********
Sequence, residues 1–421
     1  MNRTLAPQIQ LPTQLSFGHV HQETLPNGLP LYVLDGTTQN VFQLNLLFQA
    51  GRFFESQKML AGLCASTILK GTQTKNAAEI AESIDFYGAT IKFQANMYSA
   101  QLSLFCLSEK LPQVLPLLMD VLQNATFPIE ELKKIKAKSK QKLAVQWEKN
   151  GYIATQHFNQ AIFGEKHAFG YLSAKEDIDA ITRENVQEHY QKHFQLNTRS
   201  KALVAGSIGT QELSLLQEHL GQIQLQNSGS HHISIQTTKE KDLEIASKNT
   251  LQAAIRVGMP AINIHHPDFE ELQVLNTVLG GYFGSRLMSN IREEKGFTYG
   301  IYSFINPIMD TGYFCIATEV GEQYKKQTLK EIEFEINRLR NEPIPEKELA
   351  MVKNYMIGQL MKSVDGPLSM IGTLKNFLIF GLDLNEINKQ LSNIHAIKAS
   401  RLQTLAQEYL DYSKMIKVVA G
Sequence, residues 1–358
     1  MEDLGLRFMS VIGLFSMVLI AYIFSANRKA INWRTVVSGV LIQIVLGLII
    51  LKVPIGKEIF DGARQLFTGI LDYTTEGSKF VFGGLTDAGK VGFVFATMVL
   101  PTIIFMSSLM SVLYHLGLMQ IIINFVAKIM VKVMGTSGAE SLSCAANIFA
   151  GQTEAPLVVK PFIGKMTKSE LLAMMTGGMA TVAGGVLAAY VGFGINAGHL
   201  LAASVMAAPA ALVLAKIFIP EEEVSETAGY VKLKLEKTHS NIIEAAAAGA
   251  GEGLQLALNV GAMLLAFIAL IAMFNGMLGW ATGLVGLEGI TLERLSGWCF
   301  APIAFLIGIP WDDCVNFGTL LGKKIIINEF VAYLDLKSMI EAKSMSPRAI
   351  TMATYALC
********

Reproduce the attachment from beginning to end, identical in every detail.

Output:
Sequence, residues 1–421
     1  MNRTLAPQIQ LPTQLSFGHV HQETLPNGLP LYVLDGTTQN VFQLNLLFQA
    51  GRFFESQKML AGLCASTILK GTQTKNAAEI AESIDFYGAT IKFQANMYSA
   101  QLSLFCLSEK LPQVLPLLMD VLQNATFPIE ELKKIKAKSK QKLAVQWEKN
   151  GYIATQHFNQ AIFGEKHAFG YLSAKEDIDA ITRENVQEHY QKHFQLNTRS
   201  KALVAGSIGT QELSLLQEHL GQIQLQNSGS HHISIQTTKE KDLEIASKNT
   251  LQAAIRVGMP AINIHHPDFE ELQVLNTVLG GYFGSRLMSN IREEKGFTYG
   301  IYSFINPIMD TGYFCIATEV GEQYKKQTLK EIEFEINRLR NEPIPEKELA
   351  MVKNYMIGQL MKSVDGPLSM IGTLKNFLIF GLDLNEINKQ LSNIHAIKAS
   401  RLQTLAQEYL DYSKMIKVVA G
Sequence, residues 1–358
     1  MEDLGLRFMS VIGLFSMVLI AYIFSANRKA INWRTVVSGV LIQIVLGLII
    51  LKVPIGKEIF DGARQLFTGI LDYTTEGSKF VFGGLTDAGK VGFVFATMVL
   101  PTIIFMSSLM SVLYHLGLMQ IIINFVAKIM VKVMGTSGAE SLSCAANIFA
   151  GQTEAPLVVK PFIGKMTKSE LLAMMTGGMA TVAGGVLAAY VGFGINAGHL
   201  LAASVMAAPA ALVLAKIFIP EEEVSETAGY VKLKLEKTHS NIIEAAAAGA
   251  GEGLQLALNV GAMLLAFIAL IAMFNGMLGW ATGLVGLEGI TLERLSGWCF
   301  APIAFLIGIP WDDCVNFGTL LGKKIIINEF VAYLDLKSMI EAKSMSPRAI
   351  TMATYALC